Being on TV is the ultimate in glamour, as the late David Frost knew so well. That’s pretty much how it is for me too. First off, I get chauffeured to the studio. This driver collects vintage sweet wrappers, judging by his floor. I can see them even though it’s 5am and still dark. On our way, he relates all the symptoms he and his family have ever had. I hope we arrive before he gets around to his Farmers.
Getting inside the studio is the next hurdle. I’ve been to this one many times, yet each time the security guard peers at me as if I might be wearing a suicide vest. On my way out, he’ll be asking for my autograph, but getting in means a ritual interrogation.
The Green Room (which is blue rather than green – whose idea was that?) is swarming with guests ranging from newspaper reviewers to a family with 7 children who live on E numbers. In a corner two politicians from opposing parties are swapping dirty jokes. In here they’re like bosom buddies, though on air they’ll be punching the verbal daylights out of each other.
The newspaper reviewers have covered every surface with newspapers. The kids have eaten all but one of the biscuits in the box on the table, and I saw the youngest lick that one.
A runner asks if I’d like tea or coffee. In hindsight, I should choose water. It’s more likely to arrive before I go on air.
In make-up, the artists are busy working on presenters and guests while chatting about boyfriends and clothes. Two artists become free at the same time. I’m standing in the doorway as they eyeball each other. “OK, I’ll do her” says one of them finally. “I like a challenge.”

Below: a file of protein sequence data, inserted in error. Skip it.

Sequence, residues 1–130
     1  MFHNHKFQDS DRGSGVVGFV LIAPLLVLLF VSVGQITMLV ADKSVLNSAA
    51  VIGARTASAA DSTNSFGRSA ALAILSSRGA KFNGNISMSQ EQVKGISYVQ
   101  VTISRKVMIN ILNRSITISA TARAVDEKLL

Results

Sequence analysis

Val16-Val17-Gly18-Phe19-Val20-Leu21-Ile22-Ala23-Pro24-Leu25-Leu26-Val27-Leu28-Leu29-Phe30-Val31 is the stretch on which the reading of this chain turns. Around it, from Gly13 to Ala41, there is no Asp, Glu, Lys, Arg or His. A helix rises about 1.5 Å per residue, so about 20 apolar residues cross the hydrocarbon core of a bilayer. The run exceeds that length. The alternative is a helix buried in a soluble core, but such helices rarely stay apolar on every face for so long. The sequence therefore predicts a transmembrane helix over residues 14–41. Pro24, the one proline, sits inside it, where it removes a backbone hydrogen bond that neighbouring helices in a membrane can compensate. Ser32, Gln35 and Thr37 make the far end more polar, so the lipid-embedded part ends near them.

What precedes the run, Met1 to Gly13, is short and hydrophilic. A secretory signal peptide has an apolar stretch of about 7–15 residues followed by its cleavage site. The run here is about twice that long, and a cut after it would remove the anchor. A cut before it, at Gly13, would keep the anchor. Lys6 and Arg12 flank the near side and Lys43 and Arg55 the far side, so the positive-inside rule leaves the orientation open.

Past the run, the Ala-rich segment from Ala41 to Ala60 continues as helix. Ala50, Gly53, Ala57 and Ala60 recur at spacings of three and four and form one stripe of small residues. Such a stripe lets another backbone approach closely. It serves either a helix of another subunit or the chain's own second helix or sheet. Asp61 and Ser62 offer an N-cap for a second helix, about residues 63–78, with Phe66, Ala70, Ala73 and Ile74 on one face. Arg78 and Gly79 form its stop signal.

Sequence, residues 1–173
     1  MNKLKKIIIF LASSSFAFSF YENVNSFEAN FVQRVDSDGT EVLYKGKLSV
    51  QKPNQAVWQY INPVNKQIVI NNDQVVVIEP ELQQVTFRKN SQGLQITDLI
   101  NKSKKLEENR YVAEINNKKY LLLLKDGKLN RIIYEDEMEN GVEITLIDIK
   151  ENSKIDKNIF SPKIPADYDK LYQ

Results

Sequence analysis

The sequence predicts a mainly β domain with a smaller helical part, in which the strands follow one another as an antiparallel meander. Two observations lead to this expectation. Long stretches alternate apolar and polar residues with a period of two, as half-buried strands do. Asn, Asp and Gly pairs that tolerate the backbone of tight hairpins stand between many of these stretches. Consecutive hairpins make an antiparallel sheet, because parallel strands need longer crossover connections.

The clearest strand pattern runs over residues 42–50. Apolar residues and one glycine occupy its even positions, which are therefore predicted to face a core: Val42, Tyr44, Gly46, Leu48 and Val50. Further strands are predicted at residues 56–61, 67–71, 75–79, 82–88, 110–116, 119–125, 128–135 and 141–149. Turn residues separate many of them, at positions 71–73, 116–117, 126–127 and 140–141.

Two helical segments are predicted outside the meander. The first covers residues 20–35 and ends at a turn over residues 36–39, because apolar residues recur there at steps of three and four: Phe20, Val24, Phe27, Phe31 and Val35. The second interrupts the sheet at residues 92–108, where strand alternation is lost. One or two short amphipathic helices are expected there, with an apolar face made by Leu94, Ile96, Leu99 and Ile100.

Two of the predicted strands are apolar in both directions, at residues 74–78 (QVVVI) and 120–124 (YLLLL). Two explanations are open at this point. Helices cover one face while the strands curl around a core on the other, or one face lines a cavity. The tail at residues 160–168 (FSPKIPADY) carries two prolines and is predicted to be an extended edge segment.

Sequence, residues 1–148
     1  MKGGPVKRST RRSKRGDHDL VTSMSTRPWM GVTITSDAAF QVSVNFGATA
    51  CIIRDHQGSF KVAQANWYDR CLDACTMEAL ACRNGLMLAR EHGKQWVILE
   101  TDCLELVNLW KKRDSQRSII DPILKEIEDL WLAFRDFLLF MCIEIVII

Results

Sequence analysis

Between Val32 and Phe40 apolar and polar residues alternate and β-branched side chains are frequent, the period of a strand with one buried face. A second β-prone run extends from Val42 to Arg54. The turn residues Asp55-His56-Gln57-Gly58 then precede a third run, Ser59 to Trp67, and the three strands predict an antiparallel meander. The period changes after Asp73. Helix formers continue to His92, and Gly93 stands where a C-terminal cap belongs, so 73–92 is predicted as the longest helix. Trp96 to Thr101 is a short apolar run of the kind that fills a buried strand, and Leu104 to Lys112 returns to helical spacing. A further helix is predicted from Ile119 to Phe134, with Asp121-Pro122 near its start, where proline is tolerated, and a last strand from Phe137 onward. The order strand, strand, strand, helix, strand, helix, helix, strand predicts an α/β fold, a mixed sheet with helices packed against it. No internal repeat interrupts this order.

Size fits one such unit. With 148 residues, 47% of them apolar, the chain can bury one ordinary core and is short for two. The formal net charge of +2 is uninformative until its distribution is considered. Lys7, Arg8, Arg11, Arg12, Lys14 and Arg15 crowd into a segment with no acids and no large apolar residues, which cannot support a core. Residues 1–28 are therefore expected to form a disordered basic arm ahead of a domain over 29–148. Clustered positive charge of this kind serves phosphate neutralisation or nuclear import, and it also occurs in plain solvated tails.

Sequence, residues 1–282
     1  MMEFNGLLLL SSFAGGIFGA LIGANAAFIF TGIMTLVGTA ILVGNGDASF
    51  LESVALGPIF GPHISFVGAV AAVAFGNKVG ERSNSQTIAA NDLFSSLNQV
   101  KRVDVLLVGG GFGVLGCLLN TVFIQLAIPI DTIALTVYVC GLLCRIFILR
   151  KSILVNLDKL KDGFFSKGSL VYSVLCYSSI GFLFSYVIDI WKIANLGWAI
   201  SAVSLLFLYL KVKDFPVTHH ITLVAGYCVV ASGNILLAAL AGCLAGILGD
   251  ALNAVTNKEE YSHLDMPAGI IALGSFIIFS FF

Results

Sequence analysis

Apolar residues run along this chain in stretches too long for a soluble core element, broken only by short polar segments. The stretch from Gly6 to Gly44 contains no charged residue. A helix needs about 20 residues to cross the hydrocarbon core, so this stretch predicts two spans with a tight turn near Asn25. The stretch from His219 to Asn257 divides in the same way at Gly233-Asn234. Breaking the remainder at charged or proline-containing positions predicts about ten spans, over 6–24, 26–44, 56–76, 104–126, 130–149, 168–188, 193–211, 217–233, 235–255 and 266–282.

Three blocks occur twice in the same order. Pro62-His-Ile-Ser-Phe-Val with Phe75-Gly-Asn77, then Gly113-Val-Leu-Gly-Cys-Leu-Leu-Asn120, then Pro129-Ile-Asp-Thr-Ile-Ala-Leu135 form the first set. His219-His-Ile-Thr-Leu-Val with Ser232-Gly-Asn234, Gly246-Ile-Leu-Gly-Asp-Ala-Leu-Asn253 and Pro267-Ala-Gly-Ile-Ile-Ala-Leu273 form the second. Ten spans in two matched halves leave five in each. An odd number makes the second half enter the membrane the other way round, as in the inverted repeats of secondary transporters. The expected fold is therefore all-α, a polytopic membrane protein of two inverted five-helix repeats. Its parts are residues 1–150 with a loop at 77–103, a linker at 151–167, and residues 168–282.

Foundation goes on ¼” thick. It gives me an orange glow, as if I’ve been on holiday. In a Doritos factory. “Ever considered permanent makeup?” asks the artist who is now applying thick ribbons of black eyeliner.
My tip: ask to look like the artist who’s doing your panel-beating and respray. Everyone likes a compliment, and it saves time because they’ve always got that look down to a fine art.
My artist sighs as she inspects my hair and asks how I’d like it. With about twice as much volume is my answer, but that’s not possible. What I get is a headful of Velcro rollers followed by a vicious backcombing that threatens to yank my earrings off.
Sometimes there’s no time for hair and makeup, and I have to go on camera without it. The message is more important than the messenger.
Presenters are invariably charming and can conduct three conversations at once: with the co-presenter, the guest, and, via an earpiece, the producer in the gallery. The interviewee only has to manage one dialogue.
It’s over quickly, but I always know that lots of people are watching, in other words the producer and my mother (actually my mother doesn’t bother so much these days). On the plus side, I manage to get across most of my points on MRSA. And someone finally hands me that coffee when I get out.
My driver is the same one. On our way back he merrily clips the wing mirror of a parked BMW, and deposits me 100 yards from my home. He can’t get any further because a refuse cart is blocking the road.
“Thanks” I say as I get out, feeling a bit rubbish.